Pete Kendall's Socio Times: A Socionomic Commentary

June 21, 2006
Ballplayers Taking More Naps
There is no scientific way to chart this, but there's a general sense in baseball that the boys of summer have rediscovered the joys of slumber.

Last call at the hotel bar is passing more often without reveling ballplayers around to see it. Naps are back in vogue, and not just for those pushing 40."I think maybe players are getting more sleep than at any period in the history of the game," Tigers Coach Andy Van Slyke says with a knowing grin. "I think guys are getting more mattress time."

Why is this? Credit the first year of random testing for amphetamines, which most players say have been a part of the game for a much longer time and to a much larger extent than steroids. "It's just keeping guys in more," Cubs reliever Ryan Dempster says. "Guys don't go out as much as they might have. There's nothing to help them get up (the next day)."

Under pressure from Congress, Major League Baseball and the players' union agreed last winter to crack down on a performance aid that too many had relied on for too long.
South Florida Sun-Sentinel

April 2007
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Days of Slumber for the Boys of Summer?
Category: SPORTS
By: Pete Kendall, June 23, 2006
Eventually, more developed expressions of the long rise will unravel. In addition to the attendance shrinkage that EWT initially called for in 1993, the bear market should produce a retracement in every other aspect of these endeavors. The number of teams, leagues and viewers, the level of salaries and even the physical attributes of players should shrink substantially over the next few years.
The Elliott Wave Theorist, April 2001

It’s not always possible to say exactly how the bear market will catch on, but as it starts to bend cultural events the direction of its will, you can sometimes recognize its influence immediately. The increase in nap time among pro ballplayers strikes us a very appropriate early effect of baseball’s next leg of down. It foreshadows the fan disinterest that will undoubtedly reign by the end of the bear market. It also strikes a stark contrast with the speed and bone jarring excitement of roller derby, a bear market sport if ever there was one. For the scoop on the “rowdy, raucous” spectacle that is now awakening from obscurity see the entry from earlier today.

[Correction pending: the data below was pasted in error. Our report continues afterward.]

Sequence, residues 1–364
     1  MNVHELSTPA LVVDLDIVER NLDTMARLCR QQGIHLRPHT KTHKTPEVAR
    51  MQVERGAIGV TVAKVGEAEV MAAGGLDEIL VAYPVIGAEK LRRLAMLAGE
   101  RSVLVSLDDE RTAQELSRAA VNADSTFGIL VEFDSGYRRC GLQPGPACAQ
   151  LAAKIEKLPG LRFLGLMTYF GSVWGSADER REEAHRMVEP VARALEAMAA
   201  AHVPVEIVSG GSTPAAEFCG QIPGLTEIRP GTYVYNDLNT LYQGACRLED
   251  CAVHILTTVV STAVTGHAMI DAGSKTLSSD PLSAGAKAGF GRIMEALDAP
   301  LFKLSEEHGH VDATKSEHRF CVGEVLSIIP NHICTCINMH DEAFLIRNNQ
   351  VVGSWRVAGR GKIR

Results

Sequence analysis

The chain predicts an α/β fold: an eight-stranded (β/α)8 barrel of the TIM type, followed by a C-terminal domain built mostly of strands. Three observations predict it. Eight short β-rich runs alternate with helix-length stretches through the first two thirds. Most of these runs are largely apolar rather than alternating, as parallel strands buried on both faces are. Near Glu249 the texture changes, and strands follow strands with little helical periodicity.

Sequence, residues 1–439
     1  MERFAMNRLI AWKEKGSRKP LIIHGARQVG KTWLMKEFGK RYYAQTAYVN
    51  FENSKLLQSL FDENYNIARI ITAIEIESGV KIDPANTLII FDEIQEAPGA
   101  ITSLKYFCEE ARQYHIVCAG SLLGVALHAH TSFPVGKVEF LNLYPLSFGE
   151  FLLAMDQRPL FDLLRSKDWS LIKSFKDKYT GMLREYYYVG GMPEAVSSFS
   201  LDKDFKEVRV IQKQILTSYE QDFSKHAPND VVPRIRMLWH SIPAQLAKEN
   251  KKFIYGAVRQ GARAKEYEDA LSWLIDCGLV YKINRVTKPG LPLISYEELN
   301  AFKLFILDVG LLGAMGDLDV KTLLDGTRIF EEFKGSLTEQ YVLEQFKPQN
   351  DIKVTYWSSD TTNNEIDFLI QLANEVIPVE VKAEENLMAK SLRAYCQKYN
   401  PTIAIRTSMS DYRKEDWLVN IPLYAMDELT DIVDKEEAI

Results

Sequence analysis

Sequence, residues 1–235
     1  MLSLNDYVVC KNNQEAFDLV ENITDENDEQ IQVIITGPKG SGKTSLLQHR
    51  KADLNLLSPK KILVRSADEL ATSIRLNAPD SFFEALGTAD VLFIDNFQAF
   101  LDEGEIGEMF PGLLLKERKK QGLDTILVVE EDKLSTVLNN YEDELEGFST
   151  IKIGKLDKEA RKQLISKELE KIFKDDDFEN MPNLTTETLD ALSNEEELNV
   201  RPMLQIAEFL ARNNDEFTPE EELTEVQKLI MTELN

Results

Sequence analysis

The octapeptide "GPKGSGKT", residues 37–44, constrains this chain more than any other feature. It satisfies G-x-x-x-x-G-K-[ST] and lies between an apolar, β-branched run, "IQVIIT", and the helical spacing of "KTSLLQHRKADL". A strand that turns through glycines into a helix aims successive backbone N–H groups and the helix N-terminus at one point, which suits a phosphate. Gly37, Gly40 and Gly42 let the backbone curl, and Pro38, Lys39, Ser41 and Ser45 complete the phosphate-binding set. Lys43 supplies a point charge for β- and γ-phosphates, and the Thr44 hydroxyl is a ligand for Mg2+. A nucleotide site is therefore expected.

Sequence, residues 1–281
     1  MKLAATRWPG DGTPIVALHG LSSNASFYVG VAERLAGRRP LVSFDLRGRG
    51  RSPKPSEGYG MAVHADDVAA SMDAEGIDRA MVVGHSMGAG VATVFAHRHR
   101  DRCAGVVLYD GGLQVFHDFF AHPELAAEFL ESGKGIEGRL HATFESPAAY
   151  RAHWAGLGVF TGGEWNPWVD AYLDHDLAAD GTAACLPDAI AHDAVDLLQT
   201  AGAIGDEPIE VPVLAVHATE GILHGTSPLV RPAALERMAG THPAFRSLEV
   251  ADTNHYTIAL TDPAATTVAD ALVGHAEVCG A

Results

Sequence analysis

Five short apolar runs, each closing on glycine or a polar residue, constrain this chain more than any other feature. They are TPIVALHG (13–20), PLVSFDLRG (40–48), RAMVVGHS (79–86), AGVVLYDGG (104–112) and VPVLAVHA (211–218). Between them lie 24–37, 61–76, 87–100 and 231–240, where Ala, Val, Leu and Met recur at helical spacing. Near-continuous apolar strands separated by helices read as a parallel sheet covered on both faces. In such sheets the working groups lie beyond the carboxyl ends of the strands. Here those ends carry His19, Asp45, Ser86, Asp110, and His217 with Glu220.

One of revealing aspect of the story at left is how common the use of “greenies” was and how freely sources seemed to offer insights into the level of amphetamine use over the course of the just completed bull market.  One long-time player/coach said it goes back to the 1950s, which was the middle of Cycle III. “I don't know what a steroid is ... (but) I've seen greenies,’ Devil Rays Special Assistant Don Zimmer says. ‘I've seen what they called 'red juice.' I thought it was cough syrup. I swear I did. That was 50 years ago.”

As we’ve said before with respect to various different bear market revelations, the story can now be told because it’s bear market. The article reveals that baseball insiders even had their own language for dealing with amphetamine consumption. Coffee pots were labeled “leaded” for amphetamine filled and “unleaded” for regular coffee. Using greenies is called going "in the jar." Using a high quantity of them is going "deep in the jar." And playing without the use of amphetamines is "playing naked." If a player really overdid it and suffered negative consequences, it’s  called "overlaunching." The reason we finding out so much about this secret subculture is that baseball itself is overlaunching --  into a bear market, which means it’s time to take the “speed” out of the game.

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